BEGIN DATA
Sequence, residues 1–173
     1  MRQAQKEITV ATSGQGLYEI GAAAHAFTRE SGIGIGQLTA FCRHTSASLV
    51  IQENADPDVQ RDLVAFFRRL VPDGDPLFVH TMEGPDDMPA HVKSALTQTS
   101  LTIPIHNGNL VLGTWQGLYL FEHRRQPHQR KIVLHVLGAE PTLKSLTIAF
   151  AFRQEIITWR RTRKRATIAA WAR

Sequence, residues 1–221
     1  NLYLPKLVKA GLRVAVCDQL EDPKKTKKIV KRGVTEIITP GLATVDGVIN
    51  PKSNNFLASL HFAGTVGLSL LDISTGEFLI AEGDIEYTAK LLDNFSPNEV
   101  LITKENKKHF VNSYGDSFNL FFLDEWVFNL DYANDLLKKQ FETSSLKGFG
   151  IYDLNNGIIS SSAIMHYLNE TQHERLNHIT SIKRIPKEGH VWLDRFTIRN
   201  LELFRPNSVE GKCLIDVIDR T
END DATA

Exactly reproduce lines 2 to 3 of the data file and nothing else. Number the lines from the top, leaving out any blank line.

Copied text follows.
     1  MRQAQKEITV ATSGQGLYEI GAAAHAFTRE SGIGIGQLTA FCRHTSASLV
    51  IQENADPDVQ RDLVAFFRRL VPDGDPLFVH TMEGPDDMPA HVKSALTQTS